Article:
Questions raised by Eye on Jacksonville concerning the proposed tax for new school buildings got a response from school officials.
The school district says on its Web site that the district has been affected by state funding cuts and it acknowledged that Eye was correct in pointing out all districts in Florida were affected the same way.
However, school officials said other districts have compensated by using higher taxes or impact fees.
Before the 2009 recession, the state allowed 2 mills of property taxes to be levied for school building and maintenance. It was cut to 1.5 mills and never has been restored. That caused the local district to defer about $243 million maintenance, according to Tracy Pierce, chief of public relations.
“Since the recession era millage cuts, the state also eliminated public education capital outlay (PECO) as a funding source for traditional public schools. Today, the Florida Legislature has designated almost all PECO funds for charter schools,” he said
The district has prepared a spreadsheet showing how the various school districts raise revenue, and it shows 28 have impact fees.
Hillsborough has impact fees, a half-penny voluntary surtax, and a share in another county tax.
Orange County has a one mill surtax for operating expenses, a half-penny surtax for capital outlay, and impact fees.
St. Johns County has the half-penny surtax for capital outlay and also impact fees.
Pierce also explained the way the district calculates the age of buildings.
Lee High School, for example, is 94 years old but is only rated at 52 years because the average age of schools are weighted by age of square footage, which takes all major renovations into consideration.
Pierce also contends that the state Lottery money is restricted and cannot be used for building expenses and that “it does not supplant any significant operational expense.”
Pierce also said that charter schools get benefits other government schools do not. He said the district is a “full choice” district and it is not being adversarial to other types of schools, but:
- Charter school per student state funding is the same as traditional public school per student-funding.
- Charter schools can receive special, additional state tax dollar appropriations that are not available to traditional public schools.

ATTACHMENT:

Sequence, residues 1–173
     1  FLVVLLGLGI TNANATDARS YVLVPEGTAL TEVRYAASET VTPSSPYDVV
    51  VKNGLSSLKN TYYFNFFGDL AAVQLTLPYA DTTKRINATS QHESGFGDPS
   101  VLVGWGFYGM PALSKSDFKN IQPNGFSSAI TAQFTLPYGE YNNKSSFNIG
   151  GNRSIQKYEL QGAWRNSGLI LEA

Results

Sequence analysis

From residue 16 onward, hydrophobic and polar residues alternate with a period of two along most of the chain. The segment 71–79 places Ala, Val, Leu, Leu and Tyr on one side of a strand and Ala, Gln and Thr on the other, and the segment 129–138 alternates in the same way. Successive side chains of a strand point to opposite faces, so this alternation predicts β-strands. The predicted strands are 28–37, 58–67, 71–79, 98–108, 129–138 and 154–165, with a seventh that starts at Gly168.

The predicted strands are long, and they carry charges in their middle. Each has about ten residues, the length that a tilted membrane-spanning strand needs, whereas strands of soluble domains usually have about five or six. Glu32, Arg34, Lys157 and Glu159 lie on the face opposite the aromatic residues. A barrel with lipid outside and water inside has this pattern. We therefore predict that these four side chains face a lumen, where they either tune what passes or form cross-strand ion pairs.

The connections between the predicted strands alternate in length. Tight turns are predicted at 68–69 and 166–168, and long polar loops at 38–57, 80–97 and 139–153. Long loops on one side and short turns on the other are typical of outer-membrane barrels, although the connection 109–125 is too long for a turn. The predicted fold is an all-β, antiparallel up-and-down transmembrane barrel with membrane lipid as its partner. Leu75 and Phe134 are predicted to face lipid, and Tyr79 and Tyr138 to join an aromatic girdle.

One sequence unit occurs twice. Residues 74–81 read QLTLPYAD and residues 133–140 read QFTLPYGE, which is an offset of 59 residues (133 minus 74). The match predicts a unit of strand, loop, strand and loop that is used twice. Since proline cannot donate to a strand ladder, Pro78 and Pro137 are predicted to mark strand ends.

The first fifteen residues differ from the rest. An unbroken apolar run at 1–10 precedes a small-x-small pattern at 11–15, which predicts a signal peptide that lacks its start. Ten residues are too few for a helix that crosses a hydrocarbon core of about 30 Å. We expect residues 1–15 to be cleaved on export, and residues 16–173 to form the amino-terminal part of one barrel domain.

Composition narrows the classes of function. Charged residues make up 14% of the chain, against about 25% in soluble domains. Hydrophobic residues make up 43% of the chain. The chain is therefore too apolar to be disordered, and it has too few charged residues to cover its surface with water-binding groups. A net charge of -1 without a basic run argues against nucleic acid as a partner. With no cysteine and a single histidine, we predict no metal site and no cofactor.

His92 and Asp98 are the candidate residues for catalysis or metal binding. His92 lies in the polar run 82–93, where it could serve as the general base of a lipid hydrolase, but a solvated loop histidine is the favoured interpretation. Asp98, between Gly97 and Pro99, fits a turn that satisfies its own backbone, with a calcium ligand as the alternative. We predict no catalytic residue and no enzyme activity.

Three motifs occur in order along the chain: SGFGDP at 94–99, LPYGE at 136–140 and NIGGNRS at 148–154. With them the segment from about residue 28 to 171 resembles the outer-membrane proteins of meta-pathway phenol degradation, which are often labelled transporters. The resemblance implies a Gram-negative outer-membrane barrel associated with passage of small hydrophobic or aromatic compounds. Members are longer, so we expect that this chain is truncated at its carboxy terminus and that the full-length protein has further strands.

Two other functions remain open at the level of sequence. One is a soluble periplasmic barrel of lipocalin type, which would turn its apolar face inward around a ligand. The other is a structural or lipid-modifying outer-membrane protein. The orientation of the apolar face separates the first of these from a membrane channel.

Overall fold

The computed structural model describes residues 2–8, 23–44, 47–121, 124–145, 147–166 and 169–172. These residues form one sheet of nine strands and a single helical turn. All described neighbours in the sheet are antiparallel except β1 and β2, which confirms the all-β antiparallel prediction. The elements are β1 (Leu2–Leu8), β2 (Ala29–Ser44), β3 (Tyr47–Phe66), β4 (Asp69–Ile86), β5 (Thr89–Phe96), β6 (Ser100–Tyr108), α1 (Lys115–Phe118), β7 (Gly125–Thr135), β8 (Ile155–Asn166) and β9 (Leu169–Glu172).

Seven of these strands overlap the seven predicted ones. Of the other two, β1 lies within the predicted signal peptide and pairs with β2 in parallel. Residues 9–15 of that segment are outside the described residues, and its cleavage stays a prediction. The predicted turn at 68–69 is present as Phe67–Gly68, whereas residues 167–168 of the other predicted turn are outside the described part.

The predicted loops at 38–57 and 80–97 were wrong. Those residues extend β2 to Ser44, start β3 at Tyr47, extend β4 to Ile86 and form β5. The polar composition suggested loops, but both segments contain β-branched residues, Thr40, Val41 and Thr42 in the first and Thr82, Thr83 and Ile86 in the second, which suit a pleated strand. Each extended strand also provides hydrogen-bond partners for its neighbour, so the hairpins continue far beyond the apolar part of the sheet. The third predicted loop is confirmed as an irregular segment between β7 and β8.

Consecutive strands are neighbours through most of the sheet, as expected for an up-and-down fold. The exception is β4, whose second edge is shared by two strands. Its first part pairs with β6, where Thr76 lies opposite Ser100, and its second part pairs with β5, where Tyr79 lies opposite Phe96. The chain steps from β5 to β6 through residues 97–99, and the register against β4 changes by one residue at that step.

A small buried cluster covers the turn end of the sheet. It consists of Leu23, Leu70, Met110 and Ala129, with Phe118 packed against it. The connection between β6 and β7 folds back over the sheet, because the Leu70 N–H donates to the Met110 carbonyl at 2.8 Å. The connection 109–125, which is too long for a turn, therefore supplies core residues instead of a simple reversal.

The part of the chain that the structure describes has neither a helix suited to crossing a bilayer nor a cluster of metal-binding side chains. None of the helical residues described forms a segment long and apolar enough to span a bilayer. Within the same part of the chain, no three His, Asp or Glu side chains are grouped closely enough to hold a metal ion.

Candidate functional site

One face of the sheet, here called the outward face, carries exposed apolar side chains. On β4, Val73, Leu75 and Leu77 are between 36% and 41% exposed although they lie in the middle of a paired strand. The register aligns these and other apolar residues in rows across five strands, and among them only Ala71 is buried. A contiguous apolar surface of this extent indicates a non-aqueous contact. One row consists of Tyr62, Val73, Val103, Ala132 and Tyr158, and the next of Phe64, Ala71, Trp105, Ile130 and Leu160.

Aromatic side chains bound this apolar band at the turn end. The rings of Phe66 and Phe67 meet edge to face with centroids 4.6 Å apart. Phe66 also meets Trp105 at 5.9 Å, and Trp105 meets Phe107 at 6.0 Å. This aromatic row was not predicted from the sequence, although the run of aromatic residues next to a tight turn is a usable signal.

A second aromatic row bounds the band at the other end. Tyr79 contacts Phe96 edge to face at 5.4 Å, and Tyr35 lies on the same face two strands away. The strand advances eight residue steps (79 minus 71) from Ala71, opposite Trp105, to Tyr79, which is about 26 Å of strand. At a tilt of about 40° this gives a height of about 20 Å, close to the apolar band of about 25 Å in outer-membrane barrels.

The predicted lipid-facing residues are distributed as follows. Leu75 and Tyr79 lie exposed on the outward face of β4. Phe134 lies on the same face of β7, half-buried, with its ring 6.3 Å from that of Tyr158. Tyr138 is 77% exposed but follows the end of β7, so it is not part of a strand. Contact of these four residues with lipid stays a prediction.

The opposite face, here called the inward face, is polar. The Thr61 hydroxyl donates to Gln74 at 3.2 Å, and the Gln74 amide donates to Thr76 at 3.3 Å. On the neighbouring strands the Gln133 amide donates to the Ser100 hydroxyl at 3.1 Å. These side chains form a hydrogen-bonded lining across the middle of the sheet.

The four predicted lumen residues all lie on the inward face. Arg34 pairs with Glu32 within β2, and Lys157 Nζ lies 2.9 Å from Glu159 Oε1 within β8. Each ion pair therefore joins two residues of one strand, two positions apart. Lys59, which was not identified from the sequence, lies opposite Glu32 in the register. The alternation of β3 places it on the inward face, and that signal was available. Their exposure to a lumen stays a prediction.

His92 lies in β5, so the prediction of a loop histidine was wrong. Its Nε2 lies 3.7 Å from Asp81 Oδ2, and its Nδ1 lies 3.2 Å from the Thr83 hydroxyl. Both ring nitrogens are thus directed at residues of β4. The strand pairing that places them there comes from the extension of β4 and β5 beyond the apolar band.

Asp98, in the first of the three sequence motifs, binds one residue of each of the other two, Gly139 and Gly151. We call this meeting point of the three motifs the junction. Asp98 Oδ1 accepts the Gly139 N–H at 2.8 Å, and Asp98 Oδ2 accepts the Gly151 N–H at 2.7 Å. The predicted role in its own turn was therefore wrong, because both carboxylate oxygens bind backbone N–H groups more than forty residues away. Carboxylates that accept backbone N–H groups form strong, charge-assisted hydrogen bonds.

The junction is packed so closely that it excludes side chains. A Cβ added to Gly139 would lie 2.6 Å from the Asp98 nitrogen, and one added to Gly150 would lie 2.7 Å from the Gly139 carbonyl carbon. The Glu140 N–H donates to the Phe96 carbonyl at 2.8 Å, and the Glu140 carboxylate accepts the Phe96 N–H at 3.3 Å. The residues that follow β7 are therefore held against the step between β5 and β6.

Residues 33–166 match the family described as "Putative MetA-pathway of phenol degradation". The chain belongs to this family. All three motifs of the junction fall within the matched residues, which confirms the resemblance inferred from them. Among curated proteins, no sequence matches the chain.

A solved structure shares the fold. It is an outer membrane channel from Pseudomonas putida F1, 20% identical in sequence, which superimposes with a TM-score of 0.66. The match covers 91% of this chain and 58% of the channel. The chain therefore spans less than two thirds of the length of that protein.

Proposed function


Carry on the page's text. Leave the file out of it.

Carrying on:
- Charter schools can receive city of Jacksonville taxpayer funding.
- Charter schools receive significant federal tax dollars not available to traditional public schools.
- Charter schools receive state dollars for facilities (PECO), even though most charters are on private property.
- Charter school advocates aggressively sought a “disproportional” share of the proposed half-cent sales tax.
- A taxpayer funded charter school can open in a neighborhood without regard for capacity needs or educational need.
- State tuition vouchers provide per student funding to private schools. However, there is no student achievement accountability (i.e.: annual state testing and school grades) for state funded private school students to determine if these public investments are worthwhile, and there is little public accountability on how these funds are managed.
Pierce has some valid points regarding charter schools, but concerning vouchers he overlooks some salient facts:
By law, the Florida Tax Credit Scholarship students are required to take a state-approved standardized test.
Also by law, the results must be analyzed every year by a state-hired researcher. For a decade now, the results have been remarkably consistent. The students, once on scholarship, are now making on average the same annual learning gains as students of all income levels nationally. In public schools, they were for the most part the lowest-performing students (as shown by the test results) and therefore they are better off than they were.
Findings by the Urban Institute last year showed that voucher students were going to four-year colleges, and earning four-year degrees, at much higher rates than like students in public schools.
In addition, these better results are coming at a lower cost to taxpayers.
Finally, private schools have the ultimate accountability: They are chosen by the parents.
Choice aside, the school tax issue that may be on the ballot this year is ripe for debate and discussion. Who or what is to blame for the condition of local school buildings is of interest, but the primary question is what to do about it and how.
There is a good case to be made that new schools are needed, which will eliminate many portable buildings. A temporary school tax would be better than impact fees if those are the two choices available. Ultimately, the taxpayers will decide and the more accurate information they have, the easier it will be to make the decision.